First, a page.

Stupidity is contagious. It gets us all from time to time. Even respectable companies can catch it. As I do every week, let's take a look at five dumb financial events this week that may make your head spin.
1. Bad buy Ruby Tuesday
Excuses are on the menu at Ruby Tuesday (NYSE: RT ) .
The casual dining chain posted dismal quarterly results on Wednesday.
Comps fell at company-owned restaurants, and earnings fell despite Wall Street targeting a slight uptick in profitability.
Companies come up short all of the time, but Ruby Tuesday makes the cut for this week's list because of its creative excuses. Negative comps? Let's blame the severe winter weather on the East Coast, even though regional chains in the area appear to have held up OK. Pinched margins leading to the miss on the bottom line? Let's blame initiatives that were supposed to improve comps, including a commitment to serve fresh bread with every entree.
Fresh bread? Really? Isn't that what stock sellers are looking at after yesterday's 18% plunge?
Goodbye, Ruby Tuesday. Who can lay the blame on you?
2. A Sirius change of heart
Analysts don't always get it right.
Gabelli's Brett Harriss downgraded shares of Sirius XM Radio (Nasdaq: SIRI ) -- from buy to hold -- five months ago.
"Sirius needs time to grow into its valuation," he wrote at the time. The stock seemed overpriced at $1.55.
Harriss upgraded the satellite radio provider this week, even though the stock was at $1.78 before his bullish turn.
In other words, Sirius XM didn't just grow into its valuation at $1.55 a pop: It outgrew it!
3. Tablets get into the game
Who needs free versions of Angry Birds on your iPad or Android tablet when you can spend good chunk of change to play games on your GameStop (NYSE: GME ) tablet?
Yes, the leading video game specialty retailer is considering putting out a gamer-centric tablet.
"If we can't find one that's great for gaming, then we will create our own," chain President Tony Bartel told gaming website Gamasutra this week.
This is a bad idea on a few different levels.
For starters, there hasn't been a tablet outside of the iPad that has actually been an undisputed hit. This is still a market that hasn't caught on outside of Steve Jobs' "magical" contraption.
Then we get to GameStop's goal of putting out full-priced games. This may be sweet music to software developers, but there's a reason why everyone flocks to the $0.99 and free ad-supported games. They may not be as full-featured as console game, but they're a great value. A GameStop tablet is going to have a hard time justifying a $400-$700 initial investment if the titles are expensive.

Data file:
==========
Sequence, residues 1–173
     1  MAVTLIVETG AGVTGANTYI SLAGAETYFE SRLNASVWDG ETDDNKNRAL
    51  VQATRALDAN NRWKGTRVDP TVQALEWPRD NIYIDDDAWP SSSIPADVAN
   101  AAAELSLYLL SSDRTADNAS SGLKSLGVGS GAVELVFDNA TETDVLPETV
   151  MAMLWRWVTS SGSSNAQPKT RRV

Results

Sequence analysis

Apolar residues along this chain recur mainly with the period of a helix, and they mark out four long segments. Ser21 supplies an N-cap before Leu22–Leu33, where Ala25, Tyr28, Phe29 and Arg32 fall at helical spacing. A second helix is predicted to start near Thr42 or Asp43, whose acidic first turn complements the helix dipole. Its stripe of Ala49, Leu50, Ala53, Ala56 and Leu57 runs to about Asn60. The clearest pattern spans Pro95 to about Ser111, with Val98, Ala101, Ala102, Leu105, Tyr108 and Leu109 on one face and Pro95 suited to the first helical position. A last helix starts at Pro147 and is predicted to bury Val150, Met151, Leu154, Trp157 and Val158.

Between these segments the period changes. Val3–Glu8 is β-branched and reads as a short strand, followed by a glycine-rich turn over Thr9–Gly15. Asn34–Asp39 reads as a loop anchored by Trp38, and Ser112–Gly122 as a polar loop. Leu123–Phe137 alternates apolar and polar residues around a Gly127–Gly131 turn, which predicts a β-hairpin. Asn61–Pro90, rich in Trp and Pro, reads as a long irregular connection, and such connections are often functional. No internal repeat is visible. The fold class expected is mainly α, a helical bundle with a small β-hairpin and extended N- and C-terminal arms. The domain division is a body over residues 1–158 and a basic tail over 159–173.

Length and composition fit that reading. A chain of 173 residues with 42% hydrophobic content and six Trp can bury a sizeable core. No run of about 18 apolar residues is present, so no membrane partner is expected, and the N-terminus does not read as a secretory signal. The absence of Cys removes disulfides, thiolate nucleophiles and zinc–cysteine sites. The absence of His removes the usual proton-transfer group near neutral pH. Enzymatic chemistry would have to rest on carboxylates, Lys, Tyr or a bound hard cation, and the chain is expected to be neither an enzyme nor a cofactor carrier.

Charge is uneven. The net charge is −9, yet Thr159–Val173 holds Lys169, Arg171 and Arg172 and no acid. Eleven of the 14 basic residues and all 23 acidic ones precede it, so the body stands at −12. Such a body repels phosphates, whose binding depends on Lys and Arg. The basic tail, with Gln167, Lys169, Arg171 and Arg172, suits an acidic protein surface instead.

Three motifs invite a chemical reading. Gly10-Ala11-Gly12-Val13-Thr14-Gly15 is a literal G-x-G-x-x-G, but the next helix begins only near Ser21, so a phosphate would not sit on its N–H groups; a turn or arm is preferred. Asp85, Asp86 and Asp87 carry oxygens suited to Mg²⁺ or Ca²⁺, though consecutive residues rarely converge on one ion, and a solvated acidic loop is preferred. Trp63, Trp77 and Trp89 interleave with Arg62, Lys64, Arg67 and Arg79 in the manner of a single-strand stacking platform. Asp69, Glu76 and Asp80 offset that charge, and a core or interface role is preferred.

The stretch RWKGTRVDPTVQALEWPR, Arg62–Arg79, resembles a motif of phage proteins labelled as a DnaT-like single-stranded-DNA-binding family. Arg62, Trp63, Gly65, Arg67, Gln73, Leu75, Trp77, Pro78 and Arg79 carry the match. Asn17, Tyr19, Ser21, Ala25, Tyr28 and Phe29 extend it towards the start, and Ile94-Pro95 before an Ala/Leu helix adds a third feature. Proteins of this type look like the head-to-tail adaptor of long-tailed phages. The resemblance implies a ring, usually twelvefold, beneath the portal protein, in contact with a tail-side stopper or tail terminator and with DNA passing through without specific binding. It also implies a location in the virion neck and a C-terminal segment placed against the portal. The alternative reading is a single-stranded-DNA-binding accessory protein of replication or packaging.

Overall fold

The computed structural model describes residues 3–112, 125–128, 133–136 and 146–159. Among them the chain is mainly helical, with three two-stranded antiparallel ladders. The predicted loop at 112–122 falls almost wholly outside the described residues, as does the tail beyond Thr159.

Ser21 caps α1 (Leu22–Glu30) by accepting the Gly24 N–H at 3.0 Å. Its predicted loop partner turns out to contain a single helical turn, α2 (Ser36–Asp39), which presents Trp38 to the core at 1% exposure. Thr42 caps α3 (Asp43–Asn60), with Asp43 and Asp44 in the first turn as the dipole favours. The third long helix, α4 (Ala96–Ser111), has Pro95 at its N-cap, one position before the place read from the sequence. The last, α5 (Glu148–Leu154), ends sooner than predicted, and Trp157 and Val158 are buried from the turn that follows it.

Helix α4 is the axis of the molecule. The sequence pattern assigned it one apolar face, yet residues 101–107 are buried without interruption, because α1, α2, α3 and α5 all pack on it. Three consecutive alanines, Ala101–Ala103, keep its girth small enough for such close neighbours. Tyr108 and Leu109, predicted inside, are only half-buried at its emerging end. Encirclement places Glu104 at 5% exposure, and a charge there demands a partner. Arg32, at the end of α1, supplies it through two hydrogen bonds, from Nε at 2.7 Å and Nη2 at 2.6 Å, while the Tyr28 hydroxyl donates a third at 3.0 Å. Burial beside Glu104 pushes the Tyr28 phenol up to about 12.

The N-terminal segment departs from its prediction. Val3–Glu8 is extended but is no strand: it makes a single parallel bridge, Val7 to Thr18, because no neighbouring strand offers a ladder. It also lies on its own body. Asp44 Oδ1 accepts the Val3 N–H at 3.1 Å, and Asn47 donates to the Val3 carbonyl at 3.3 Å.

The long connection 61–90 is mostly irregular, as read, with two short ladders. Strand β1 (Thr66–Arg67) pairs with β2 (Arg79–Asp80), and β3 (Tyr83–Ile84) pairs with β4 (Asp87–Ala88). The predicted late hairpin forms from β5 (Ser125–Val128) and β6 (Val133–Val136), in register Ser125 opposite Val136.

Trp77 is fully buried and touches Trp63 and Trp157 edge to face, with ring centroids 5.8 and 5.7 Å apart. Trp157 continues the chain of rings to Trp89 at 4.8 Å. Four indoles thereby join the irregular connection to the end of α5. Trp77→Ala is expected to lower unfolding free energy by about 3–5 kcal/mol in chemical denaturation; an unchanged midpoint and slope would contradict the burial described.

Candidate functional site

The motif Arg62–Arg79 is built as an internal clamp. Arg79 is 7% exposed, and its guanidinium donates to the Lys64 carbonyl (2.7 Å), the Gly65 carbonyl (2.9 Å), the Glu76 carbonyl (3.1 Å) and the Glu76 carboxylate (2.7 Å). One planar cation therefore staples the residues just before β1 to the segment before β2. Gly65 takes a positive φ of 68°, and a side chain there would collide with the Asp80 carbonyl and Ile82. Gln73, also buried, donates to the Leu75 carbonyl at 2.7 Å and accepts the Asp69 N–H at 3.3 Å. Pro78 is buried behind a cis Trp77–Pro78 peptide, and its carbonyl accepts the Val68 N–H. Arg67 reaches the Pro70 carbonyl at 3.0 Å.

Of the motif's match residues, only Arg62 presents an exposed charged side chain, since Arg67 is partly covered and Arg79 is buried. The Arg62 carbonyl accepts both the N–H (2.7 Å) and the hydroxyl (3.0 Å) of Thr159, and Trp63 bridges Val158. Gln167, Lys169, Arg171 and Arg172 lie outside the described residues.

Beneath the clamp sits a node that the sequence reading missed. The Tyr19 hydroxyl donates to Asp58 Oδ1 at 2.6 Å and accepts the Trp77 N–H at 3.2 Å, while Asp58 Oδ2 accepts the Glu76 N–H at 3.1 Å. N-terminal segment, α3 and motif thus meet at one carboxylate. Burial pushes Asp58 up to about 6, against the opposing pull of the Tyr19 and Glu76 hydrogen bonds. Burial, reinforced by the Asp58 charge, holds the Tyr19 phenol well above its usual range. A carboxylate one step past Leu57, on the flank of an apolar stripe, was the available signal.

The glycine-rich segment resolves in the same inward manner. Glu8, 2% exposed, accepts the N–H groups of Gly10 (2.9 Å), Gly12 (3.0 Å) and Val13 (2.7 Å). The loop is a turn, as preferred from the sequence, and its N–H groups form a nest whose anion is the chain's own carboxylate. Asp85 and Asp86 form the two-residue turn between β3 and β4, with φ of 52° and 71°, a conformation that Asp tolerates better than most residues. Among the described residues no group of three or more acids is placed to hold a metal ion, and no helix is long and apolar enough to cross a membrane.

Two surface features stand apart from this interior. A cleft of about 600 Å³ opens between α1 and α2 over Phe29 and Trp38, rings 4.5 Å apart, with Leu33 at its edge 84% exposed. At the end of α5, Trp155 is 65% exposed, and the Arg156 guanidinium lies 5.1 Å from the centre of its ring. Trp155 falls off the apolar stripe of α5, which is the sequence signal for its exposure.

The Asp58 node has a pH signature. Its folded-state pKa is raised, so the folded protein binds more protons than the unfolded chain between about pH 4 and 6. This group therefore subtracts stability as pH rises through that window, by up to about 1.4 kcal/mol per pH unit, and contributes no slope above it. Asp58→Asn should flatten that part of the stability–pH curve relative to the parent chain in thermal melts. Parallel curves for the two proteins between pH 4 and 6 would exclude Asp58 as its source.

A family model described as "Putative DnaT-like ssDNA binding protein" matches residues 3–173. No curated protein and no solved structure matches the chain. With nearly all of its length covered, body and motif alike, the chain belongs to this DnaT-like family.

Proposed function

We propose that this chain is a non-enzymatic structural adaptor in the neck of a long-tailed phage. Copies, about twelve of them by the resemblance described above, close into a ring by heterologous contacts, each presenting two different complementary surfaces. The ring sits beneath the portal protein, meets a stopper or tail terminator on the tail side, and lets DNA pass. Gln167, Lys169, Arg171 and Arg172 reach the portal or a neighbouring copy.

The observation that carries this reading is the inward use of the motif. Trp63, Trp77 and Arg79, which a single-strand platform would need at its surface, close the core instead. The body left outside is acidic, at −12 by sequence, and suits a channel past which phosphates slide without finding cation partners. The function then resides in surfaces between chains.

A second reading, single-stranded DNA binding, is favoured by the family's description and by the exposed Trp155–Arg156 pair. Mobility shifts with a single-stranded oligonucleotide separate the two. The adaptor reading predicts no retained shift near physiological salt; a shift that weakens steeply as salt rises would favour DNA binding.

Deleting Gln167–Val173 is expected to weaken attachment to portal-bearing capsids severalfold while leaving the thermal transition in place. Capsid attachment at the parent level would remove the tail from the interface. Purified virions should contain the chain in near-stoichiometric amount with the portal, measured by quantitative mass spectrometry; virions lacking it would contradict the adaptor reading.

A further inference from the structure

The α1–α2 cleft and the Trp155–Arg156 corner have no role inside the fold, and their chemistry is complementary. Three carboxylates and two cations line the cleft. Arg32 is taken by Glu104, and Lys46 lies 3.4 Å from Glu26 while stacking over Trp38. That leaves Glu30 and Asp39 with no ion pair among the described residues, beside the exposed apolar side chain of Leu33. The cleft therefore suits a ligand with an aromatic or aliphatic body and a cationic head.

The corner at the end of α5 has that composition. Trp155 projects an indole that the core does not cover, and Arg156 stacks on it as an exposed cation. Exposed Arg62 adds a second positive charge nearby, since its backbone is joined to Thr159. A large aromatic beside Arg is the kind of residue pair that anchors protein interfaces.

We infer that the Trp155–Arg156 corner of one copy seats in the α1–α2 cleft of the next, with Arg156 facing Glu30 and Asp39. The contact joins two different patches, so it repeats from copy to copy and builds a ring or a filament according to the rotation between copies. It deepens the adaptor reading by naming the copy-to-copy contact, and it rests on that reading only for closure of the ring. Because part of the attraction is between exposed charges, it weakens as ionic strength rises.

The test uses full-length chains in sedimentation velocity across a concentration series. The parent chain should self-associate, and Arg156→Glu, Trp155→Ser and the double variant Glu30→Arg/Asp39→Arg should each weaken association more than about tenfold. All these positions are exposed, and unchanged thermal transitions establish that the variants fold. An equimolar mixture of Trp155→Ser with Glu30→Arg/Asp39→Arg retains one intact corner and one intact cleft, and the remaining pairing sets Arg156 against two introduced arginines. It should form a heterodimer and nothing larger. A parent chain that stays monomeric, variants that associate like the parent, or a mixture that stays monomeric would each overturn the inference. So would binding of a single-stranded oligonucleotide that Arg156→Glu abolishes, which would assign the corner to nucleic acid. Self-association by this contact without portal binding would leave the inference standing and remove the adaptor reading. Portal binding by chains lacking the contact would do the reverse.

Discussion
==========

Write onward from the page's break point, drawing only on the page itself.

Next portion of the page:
The final head-shaking moment here is that if GameStop does throw its weight behind a tablet won't it be competing with the console and handheld hardware makers that it relies on for in-store inventory? It may win over some of the developers that were bent on dismissing GameStop during the digital migration, but GameStop's chain won't go far if it's seen as a conflict of interest by the hardware heavies.
4. Hop on pop
SodaStream (Nasdaq: SODA ) has many of the ingredients that investors like in consumer-facing growth stocks.
SodaStream has millions of owners of its stylish and practical water carbonation systems. Its product excels on nutritional and eco-friendly merits. The shares have also more than doubled since going public late last year.
Why crash that party?
Shares of the pop star took a hit this week when the company announced a secondary offering. Most of the 5 million shares being offered are from existing shareholders, spooking investors who see this as a massive wave of insider selling.
Hot IPOs often do this as they close in on the end of their lock-up periods, but it doesn't make it any easier to stomach.
5. Thin crust
GSI Commerce's (Nasdaq: GSIC ) ShopRunner is getting desperate.
ShopRunner is the bricks-and-mortar response to Amazon.com's (Nasdaq: AMZN ) wildly successful Prime subscription. Members of Prime and ShopRunner receive free two-day shipping on orders. The different here is that ShopRunner represents three dozen different retailers including Toys "R" Us and The Sports Authority.
I'm not sure if free pizza delivery is a major motivator. My local Domino's charges $1.75 on most orders. One has to go through a lot of delivered pies to make that $79 back. It also probably doesn't help Domino's to be prominently promoting that it charges these delivery fees.
I can appreciate ShopRunner's creative thinking, but it's ultimately just letting us all know why it will never catch up to Amazon Prime.
Which of these five moves do you think is the dumbest? Share your thoughts in the comment box below.